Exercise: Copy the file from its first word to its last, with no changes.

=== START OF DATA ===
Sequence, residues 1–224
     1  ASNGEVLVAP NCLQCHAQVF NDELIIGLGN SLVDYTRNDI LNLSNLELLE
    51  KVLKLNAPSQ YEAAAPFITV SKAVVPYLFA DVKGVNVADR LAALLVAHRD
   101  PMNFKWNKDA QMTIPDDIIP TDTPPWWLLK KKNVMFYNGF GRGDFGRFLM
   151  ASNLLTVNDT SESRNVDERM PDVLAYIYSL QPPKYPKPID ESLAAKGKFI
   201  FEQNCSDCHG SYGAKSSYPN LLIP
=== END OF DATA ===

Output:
Sequence, residues 1–224
     1  ASNGEVLVAP NCLQCHAQVF NDELIIGLGN SLVDYTRNDI LNLSNLELLE
    51  KVLKLNAPSQ YEAAAPFITV SKAVVPYLFA DVKGVNVADR LAALLVAHRD
   101  PMNFKWNKDA QMTIPDDIIP TDTPPWWLLK KKNVMFYNGF GRGDFGRFLM
   151  ASNLLTVNDT SESRNVDERM PDVLAYIYSL QPPKYPKPID ESLAAKGKFI
   201  FEQNCSDCHG SYGAKSSYPN LLIP